It’s taken me a long time to realize there are people who love to read but who don’t give a damn about how a thing is written. Yeah, I know, should have been obvious with one browse of bestseller books—but, somehow, the concrete realization of this fact  managed to elude me. Of course, not all bestsellers are badly written. Many are quite well written, in fact. But now and then someone comes along like Stieg Larsson or Dan Brown or Stephanie Meyer or E. L. James who are really atrocious at narrative but still manage to concoct a compelling story and capture that certain something in the zeitgeist that has people flocking to them.

Full disclosure: I am again attempting to read Stieg Larsson’s Girl With the Dragon Tattoo, and this time it seems to be sticking, but I have bounced off Larsson and these other writers. I probably won’t try the others again as there seem to be diminishing returns and too many other things I’d rather read. The thing is, as I have been struggling with my own writing, I have also been struggling with my ability to read fiction. I keep bouncing off of books, even well-written ones, even those by old favorites, and I’ve been longing to become immersed in something. I’m far enough past Larsson’s tell-not-show and long infodump opening that the mystery of Tattoo has had a chance to hook me, so I may actually finish this book. No guarantees, though. It’s been the first part of December since I finished anything, even rereads of old favorites. (The last was Deborah Harkness’s Times Convert, the follow-on book to her All Souls Trilogy. It was meh, but I’d loved the other books and wanted to catch up on the characters.)

My writing and my fiction reading have always been connected. One feeds the other, even if what I’m reading has nothing to do with what I’m writing. Being immersed in someone else’s world for a time helps stimulate the mystic place in my brain where my own singing starts. I can’t help thinking that if I cure one symptom it might help cure the other.

I’m still writing almost every day, and it’s still mostly like pulling teeth, but I do plant butt in chair. Most days it isn’t much more than 500 or so words. Some days I’m blessed by 1000 or so. Today, all I managed was 250. But the important part is sitting my butt in the chair, opening the file, and doing something.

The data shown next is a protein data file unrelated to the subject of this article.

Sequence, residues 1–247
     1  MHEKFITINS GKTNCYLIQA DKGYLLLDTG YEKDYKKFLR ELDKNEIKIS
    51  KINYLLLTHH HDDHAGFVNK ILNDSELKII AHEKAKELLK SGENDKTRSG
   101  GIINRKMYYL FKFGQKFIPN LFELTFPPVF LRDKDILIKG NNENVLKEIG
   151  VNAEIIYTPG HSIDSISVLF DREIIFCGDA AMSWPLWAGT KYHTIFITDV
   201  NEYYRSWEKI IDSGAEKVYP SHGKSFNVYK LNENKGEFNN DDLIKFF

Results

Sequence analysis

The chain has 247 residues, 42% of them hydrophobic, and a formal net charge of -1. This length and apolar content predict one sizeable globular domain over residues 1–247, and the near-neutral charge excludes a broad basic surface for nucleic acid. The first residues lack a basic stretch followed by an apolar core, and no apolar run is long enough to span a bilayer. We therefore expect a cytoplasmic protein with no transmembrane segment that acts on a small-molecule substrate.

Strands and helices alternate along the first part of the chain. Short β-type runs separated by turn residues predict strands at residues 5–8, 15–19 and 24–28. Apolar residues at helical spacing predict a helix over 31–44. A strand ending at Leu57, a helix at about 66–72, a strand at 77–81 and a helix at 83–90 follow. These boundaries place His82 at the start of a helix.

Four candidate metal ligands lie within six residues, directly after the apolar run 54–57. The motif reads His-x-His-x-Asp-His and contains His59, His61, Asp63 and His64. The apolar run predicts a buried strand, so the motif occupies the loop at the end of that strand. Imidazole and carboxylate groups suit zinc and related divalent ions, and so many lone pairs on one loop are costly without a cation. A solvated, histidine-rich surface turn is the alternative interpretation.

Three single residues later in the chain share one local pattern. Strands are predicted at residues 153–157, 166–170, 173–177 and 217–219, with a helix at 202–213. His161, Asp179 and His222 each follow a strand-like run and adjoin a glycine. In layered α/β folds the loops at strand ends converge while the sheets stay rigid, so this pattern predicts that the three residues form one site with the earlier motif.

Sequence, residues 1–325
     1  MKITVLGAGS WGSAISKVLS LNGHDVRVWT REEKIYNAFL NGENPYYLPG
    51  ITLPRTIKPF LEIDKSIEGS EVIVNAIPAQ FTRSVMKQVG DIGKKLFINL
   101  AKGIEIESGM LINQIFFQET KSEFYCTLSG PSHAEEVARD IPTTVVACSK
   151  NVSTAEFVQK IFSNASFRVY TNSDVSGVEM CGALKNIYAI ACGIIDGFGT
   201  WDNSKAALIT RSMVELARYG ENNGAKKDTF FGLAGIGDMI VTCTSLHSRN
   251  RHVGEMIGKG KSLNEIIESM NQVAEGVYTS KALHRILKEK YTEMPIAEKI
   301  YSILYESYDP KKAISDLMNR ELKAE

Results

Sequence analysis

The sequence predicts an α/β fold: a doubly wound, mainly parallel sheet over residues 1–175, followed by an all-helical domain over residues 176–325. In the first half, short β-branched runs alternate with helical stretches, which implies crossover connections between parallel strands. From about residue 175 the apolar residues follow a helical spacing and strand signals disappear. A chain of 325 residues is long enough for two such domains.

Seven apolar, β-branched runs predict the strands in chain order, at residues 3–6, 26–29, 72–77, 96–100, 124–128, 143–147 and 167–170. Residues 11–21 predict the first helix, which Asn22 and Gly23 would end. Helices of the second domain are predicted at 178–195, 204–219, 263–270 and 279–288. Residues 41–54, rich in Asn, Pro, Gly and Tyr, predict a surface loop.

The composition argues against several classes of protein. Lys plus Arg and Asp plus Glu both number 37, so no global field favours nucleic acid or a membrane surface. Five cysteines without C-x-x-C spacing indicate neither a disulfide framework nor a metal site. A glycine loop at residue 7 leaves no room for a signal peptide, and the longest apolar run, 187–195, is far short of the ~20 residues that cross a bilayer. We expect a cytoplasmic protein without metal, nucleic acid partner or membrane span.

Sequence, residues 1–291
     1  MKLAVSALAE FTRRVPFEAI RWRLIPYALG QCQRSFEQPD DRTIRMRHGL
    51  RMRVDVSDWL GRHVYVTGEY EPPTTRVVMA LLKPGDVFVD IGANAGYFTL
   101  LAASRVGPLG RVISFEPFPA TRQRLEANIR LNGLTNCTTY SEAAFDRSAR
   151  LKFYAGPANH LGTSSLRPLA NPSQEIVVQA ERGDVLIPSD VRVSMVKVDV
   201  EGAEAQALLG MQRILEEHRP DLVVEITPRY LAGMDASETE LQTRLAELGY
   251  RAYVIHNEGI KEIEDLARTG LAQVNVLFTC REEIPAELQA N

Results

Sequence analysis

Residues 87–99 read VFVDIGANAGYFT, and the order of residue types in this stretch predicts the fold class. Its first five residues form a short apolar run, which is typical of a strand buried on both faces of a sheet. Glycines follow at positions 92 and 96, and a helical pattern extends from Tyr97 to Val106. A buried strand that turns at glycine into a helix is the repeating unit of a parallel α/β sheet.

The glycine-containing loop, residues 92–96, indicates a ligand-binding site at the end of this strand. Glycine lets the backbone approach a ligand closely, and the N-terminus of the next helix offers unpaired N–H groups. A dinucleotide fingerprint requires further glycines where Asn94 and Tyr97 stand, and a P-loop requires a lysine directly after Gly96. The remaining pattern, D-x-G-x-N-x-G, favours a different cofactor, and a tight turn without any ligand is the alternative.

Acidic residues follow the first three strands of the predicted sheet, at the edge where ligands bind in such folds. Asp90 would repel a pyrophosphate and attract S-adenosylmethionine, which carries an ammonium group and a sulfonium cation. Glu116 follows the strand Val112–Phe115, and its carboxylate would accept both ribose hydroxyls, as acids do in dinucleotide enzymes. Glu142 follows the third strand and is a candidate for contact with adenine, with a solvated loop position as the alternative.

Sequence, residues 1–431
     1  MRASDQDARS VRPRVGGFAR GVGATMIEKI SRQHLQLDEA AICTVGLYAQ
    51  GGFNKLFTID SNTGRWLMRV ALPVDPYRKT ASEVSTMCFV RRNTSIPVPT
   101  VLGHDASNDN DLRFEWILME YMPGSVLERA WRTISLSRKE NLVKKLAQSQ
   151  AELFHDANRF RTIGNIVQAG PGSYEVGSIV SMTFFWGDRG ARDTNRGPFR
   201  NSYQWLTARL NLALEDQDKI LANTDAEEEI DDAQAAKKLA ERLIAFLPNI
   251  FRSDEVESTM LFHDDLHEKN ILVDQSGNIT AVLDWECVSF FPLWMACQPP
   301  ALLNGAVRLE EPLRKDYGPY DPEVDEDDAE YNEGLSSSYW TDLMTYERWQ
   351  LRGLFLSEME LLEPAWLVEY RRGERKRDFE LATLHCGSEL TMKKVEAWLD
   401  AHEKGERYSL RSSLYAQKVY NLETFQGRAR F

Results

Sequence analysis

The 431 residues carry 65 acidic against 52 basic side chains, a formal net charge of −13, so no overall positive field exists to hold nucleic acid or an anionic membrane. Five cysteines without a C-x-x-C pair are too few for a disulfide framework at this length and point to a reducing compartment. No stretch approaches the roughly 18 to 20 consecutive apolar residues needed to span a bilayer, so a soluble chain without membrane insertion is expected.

So, readers who don’t care how a thing is written. It’s all good. People should like what they like regardless of nerds like me who care about those things. I once had a friend who absolutely refused to read when he was younger, even though it caused him problems in school. He was a bright, imaginative, funny fellow but he just hated reading. Then one day when he was in high school a perceptive teacher shoved a science fiction book into his hands. He was intrigued by the premise and started to read. From that moment on, he became a voracious reader of science fiction and fantasy. He always had a book in his hands. He did confess to me, though, that he often skipped the descriptive parts and dialogue tags and read just the dialogue so he could get through the story faster.

And therein hangs a tale: there are many people like him. Not only do they not care how a thing is written, they want to get through the story as fast as possible to find out what happens. No savoring. They don’t really care about “the art of story,” that immersive feel of a book. It’s a mystery to me why they read at all—but again, that’s not for me to decide. People should be allowed to like what they like and how they like it, and no one—well-meaning nerd, politicizing authors, crusading literati, anyone—has the right to tell them otherwise.

There are no shoulds in reading. Only what gets you through the night. And the book.